Today's tattooed poet is Izzy Oneiric, who sends us this amazing shot of her sleeve:
I'll let Izzy take it from here:
"My sleeve took 11 years to complete. The figure in the center is Dream from the Sandman graphic novel. I first saw it when I was 14, and knew instantly I wanted it tattooed. I got it a few months after I turned 18 by Steve at the Lion's Den in Salem, New Hampshire. Eight years later I was living in San Francisco, and wanted to add to it. I knew it needed some sort of dream imagery, but it was difficult to narrow that down. I began interrogating the basic elements of dreams, and thought one day: 'If DNA is the basis for all human life, could it also be the basis of dream life? What would a strand of dream DNA look like?' Using the work of Patrica Garfield, a clinical psychologist who's identified 12 universal dream themes that transcend age, location, gender, etc. I started designing the double helix; quickly realizing not all 12 would fit on my arm. On my shoulder is a blue moon; in a double-helix pattern around my arm are Royal typewriter keys with hobo symbols (representing communication/ miscommunication), weaving into a peacock from the Russian Tarot of St Petersburg (representing mythical creatures/animal friends). This was done by Natalie Chandler, at the time working at Black and Blue Tattoo.
I wanted to fill in the background, but didn't want to disrupt the double-helix shape. I couldn't figure out how to do that, so I left it alone. A few years later, I was working at Cold Steel Tattoo & Piercing. On a whim one evening I googled 'double helix,' and one of the results was the image of a nebula in the shape of a DNA strand!
The colors and the shape were perfect. I brought it to my friend Vincent Weiner who was tattooing there, and we worked on it in bits and pieces. I tried to pay him, but he refused my money. I asked how I could compensate him for several thousand dollars worth of work. He was waiting for his wife to get her green card, so he said 'Nobody's baking for me right now. I'd really love some chocolate-chip cookies.' For every session I brought cookies, banana bread, cranberry muffins, some weird chocolate-coconut drops...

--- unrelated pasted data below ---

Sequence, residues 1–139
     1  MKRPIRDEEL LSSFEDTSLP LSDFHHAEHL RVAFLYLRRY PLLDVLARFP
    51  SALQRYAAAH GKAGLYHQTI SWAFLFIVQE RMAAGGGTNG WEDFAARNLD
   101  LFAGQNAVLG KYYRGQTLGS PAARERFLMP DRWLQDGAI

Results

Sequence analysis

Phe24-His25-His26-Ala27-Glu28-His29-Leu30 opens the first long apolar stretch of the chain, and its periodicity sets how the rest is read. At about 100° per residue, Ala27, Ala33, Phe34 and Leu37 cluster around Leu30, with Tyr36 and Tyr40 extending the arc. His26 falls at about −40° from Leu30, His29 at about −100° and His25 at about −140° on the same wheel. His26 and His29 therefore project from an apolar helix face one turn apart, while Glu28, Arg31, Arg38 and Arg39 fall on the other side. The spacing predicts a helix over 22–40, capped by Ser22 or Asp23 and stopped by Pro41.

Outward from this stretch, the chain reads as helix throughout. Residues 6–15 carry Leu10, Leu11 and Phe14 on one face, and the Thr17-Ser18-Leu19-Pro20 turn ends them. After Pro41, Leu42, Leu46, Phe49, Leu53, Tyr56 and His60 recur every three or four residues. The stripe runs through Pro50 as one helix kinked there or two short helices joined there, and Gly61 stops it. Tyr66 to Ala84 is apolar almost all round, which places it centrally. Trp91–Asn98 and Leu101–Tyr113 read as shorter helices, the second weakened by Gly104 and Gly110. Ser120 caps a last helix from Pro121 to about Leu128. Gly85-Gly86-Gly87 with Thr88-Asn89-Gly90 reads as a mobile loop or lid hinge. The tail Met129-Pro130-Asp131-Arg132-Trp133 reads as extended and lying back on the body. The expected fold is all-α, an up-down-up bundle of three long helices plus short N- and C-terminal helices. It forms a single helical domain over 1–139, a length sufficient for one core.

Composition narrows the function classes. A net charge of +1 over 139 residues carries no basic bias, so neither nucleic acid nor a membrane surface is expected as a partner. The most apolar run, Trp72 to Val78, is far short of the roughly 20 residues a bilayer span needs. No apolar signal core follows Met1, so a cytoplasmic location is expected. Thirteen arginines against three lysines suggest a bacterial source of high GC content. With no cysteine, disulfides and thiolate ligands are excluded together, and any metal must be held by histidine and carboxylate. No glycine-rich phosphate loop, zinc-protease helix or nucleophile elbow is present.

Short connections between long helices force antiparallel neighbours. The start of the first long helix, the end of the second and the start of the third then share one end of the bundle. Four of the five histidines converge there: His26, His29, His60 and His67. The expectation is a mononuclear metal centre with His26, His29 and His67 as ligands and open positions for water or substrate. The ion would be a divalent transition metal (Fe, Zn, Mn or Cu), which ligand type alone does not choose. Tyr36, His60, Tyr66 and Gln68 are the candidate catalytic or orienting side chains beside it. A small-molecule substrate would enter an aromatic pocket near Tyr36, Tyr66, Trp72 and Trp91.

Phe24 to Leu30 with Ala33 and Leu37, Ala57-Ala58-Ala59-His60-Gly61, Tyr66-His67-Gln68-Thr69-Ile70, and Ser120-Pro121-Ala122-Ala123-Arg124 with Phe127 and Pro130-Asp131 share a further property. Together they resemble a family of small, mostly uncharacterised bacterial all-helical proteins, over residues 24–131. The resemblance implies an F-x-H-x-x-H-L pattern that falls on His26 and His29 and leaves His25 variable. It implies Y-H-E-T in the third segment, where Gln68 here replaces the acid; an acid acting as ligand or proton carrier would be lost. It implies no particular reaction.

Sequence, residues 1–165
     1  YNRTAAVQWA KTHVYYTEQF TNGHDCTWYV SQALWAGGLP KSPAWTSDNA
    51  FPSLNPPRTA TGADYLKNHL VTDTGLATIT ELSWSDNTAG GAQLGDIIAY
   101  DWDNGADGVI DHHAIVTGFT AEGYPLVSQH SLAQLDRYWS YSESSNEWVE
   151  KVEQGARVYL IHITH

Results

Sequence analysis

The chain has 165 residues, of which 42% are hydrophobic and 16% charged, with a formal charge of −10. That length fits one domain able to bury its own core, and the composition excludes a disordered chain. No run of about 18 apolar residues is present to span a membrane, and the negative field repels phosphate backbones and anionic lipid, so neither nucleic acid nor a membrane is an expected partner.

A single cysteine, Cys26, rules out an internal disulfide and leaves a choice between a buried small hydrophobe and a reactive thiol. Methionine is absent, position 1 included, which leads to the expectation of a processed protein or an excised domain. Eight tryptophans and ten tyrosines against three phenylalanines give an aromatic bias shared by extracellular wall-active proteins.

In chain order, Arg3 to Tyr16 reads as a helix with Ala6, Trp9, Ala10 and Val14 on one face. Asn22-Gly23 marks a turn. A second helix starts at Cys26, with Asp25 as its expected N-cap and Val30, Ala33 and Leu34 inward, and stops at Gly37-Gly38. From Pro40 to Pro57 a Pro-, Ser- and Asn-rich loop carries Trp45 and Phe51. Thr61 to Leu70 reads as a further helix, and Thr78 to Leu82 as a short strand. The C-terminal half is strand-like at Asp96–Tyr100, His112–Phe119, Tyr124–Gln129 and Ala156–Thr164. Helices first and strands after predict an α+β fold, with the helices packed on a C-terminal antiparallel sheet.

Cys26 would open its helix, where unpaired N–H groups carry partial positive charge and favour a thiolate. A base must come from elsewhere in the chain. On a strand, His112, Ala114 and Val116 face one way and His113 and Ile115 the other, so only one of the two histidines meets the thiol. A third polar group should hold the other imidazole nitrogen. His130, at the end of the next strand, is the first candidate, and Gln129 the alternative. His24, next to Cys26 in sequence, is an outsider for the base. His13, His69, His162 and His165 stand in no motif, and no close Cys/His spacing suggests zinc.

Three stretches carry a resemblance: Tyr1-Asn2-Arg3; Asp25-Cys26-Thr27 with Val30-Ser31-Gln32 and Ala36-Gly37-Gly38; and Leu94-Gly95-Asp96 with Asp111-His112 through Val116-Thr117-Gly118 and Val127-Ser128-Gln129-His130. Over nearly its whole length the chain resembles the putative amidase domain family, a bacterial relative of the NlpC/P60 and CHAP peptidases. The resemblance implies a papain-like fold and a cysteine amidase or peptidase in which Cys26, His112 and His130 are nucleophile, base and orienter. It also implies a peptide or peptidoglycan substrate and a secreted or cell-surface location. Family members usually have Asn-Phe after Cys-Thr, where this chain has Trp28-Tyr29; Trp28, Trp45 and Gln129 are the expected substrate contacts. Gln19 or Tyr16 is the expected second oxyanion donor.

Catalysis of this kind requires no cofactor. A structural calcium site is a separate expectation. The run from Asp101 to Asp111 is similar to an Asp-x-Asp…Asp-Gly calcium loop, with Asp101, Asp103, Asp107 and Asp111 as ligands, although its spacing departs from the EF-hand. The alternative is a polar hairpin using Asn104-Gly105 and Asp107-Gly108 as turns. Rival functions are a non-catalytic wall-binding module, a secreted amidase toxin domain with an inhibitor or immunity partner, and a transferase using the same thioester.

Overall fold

I'd always dreamed of having stars on the piece, and in Morpheus' eyes. I'd tried surface piercings with PTFE bars, but they all rejected, so I was greatly excited when people began experimenting with dermal anchors and reporting success. About a year later I was living in New Orleans and learned that Adam at Electric Ladyland (now at Slave to the Needle in Seattle) was doing them.
We 'bedazzled' my arm with six Swarovski crystals. They healed nicely until I moved to Chicago, when they suddenly all rejected. Now that I'm back in New Orleans, I'd like to get them reinstalled."This is definitely the first time we've highlighted body art which included dermal anchors. Very cool!
Izzy sent along this prose poem to accompany her contribution:
Blue Roses are Blooming in Safeway
Oracle asses were tickled by gas plumes. We know now—what of it? Ethylene case closed diminished returned to sender . . . send her Erato Echo Glossalalia babble bury shovel stop. I. I. I. Decline. To state. To play. So there. Repeat. Blue roses are blooming in Safeway. Champagne ruby is slang for magnum. Artaud’s black crucifix pupils ablaze in golden eyes I plagiarized because I want to see so badly but I gotta walk past flooded lottos, plainclothes Cutlasses, Dinner, Linner, 4th meal, Dunch—neologisms like I am a woman, half eaten mosquitoes and Teardrop Mike wanting guilty date, a guilty beer, because all American women drink and don’t have any Mexican friends.
Animist, manimal, my keys do not break. There are escalators in my head watering flowerbeds with ropes of crystal spit, burping readymade Rubbermaid green baby coffins, smoking Christmas in a jaundiced sky.
Over beef tea and sheepish mirrors, defective alexandrines tell me it gets easier with practice, hurts a little less each time. Like so much decapitated obsidian, we know not now how high the ledge is very high, this crisis not of poetry but concrete and well, since Pythia choked on the geyser she’s gone now, my hair caught on fire, please tune my viola, I know a few songs from when I was a child. Stardust Memories—yes, I can play that piece quite well.
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Izzy Oneiric's writing has appeared in publications such as Wheelhouse Magazine, Source Material, and Phantom Limb. A series of visual collages were published in Plath Profiles. She is the author of the chapbooks Dabbling in Babylon, and From the Bombshell Shelter. For several years she was the poetry editor of other magazine. She holds a BA in Interdisciplinary Studies from the California Institute of Integral Studies and an MFA in Poetry from Columbia College Chicago. She currently lives in New Orleans with her loving partner and their spazzy black cat.
Thanks to Izzy for her contribution to the Tattooed Poets Project on Tattoosday!
This entry is ©2012 Tattoosday. The poem and tattoo are reprinted with the poet's permission.